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​The digital divide in adoption and use of a personal health record

BACKGROUND:Personal health records (PHRs) offer the potential to improve the patient experience and the quality of patient care. However, the "digital divide," the population-level gap in Internet and computer access, may prevent certain groups from accessing the PHR.METHODS:We conducted a cross-sectional analysis of a PHR within a northeastern health system. We compared adopters (ie, those activating a PHR account online) with nonadopters (ie, those who see a physician offering the PHR but do not activate an account). We further categorized adopters by intensity of PHR use, measured by number of log-ins and number of messages sent to physicians’ practices.RESULTS:As of September 30, 2009, among 75,056 patients, 43% had adopted the PHR since 2002. Blacks and Hispanics were less likely to adopt the PHR compared with whites (odds ratio [OR], 0.50; 95% confidence interval [CI], 0.45-0.55; and 0.64; 0.57-0.73, respectively), and those with lower annual income were less likely to adopt the PHR than were those with higher income. Compared with nonadopters, adopters were more likely to have more than 2 comorbidities (OR, 1.27; 95% CI, 1.17-1.30). Use of an aggressive marketing strategy for PHR enrollment increased adoption nearly 3-fold (OR, 2.92; 95% CI, 1.58-5.40). Intensity of use was best predicted by increasing number of comorbidities, followed by race/ethnicity (whites more than blacks and Hispanics) and insurance status. We found no association between income and log-in frequency or secure messages sent.CONCLUSIONS:Despite increasing Internet availability, racial/ethnic minority patients adopted a PHR less frequently than white patients, and patients with the lowest annual income adopted a PHR less often than those with higher incomes. Among adopters, however, income did not have an effect on PHR use.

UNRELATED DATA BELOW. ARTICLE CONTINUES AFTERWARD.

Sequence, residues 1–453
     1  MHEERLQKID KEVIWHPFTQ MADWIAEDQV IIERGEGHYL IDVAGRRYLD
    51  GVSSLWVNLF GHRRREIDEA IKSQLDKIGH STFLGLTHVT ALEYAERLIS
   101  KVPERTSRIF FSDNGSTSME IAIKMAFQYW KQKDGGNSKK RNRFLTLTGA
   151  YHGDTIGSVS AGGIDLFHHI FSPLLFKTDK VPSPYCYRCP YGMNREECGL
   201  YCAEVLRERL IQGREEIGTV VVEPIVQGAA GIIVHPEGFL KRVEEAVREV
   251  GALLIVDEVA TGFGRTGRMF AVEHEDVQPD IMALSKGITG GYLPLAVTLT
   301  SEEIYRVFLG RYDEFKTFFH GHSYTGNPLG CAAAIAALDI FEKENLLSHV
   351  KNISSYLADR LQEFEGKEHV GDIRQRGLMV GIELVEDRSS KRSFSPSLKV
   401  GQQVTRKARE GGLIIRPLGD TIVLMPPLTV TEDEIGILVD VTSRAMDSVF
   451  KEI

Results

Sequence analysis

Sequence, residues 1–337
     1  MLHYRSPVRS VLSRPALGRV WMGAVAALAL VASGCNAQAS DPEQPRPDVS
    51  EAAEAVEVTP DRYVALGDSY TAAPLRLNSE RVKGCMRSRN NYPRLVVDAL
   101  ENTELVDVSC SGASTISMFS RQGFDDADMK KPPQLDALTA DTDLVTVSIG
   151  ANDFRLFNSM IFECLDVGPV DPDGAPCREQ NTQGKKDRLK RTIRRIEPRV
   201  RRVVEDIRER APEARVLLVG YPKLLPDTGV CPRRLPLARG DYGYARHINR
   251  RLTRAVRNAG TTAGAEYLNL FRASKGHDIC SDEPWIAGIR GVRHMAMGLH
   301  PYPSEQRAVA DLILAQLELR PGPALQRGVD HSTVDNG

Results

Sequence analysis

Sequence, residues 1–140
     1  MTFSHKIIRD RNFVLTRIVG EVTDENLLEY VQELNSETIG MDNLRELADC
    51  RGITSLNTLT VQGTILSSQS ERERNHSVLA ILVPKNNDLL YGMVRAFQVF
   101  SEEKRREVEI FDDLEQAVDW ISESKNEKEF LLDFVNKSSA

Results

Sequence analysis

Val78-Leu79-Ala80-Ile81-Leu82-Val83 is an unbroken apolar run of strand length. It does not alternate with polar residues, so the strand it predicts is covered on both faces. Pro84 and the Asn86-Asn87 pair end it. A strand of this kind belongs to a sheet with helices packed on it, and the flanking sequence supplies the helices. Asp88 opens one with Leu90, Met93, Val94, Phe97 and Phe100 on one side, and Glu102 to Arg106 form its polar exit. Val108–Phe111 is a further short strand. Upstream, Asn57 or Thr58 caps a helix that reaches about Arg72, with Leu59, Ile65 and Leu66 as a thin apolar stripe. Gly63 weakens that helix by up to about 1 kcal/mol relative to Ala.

Authors: Yamin CK; Emani S; Williams DH; Lipsitz SR; Karson AS; Wald JS; Bates DW

​Arch Intern Med. 2011 Mar 28;171(6):568-74. doi: 10.1001/archinternmed.2011.34.

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